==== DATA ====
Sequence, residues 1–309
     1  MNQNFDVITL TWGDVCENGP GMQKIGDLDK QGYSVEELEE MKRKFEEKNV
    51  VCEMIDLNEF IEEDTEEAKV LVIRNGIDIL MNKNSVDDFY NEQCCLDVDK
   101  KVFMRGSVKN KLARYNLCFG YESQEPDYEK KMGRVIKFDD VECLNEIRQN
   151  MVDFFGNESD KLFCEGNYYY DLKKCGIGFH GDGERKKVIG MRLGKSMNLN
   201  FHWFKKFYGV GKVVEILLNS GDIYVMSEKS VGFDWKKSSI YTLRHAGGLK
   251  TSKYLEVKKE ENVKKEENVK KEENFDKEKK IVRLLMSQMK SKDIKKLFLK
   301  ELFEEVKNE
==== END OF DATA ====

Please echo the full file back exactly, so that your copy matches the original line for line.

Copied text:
Sequence, residues 1–309
     1  MNQNFDVITL TWGDVCENGP GMQKIGDLDK QGYSVEELEE MKRKFEEKNV
    51  VCEMIDLNEF IEEDTEEAKV LVIRNGIDIL MNKNSVDDFY NEQCCLDVDK
   101  KVFMRGSVKN KLARYNLCFG YESQEPDYEK KMGRVIKFDD VECLNEIRQN
   151  MVDFFGNESD KLFCEGNYYY DLKKCGIGFH GDGERKKVIG MRLGKSMNLN
   201  FHWFKKFYGV GKVVEILLNS GDIYVMSEKS VGFDWKKSSI YTLRHAGGLK
   251  TSKYLEVKKE ENVKKEENVK KEENFDKEKK IVRLLMSQMK SKDIKKLFLK
   301  ELFEEVKNE